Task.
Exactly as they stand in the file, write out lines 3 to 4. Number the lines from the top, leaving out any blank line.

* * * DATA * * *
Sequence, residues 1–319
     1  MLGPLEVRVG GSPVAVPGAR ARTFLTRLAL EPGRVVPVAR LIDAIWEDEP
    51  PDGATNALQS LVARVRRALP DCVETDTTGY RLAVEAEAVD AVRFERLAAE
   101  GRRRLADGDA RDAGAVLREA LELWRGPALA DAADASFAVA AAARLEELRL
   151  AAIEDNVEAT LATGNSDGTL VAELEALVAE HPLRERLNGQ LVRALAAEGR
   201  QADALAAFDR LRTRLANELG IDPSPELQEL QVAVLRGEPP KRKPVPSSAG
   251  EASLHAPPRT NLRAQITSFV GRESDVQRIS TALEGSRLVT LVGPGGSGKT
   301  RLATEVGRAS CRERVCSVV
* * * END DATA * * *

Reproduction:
    51  PDGATNALQS LVARVRRALP DCVETDTTGY RLAVEAEAVD AVRFERLAAE
   101  GRRRLADGDA RDAGAVLREA LELWRGPALA DAADASFAVA AAARLEELRL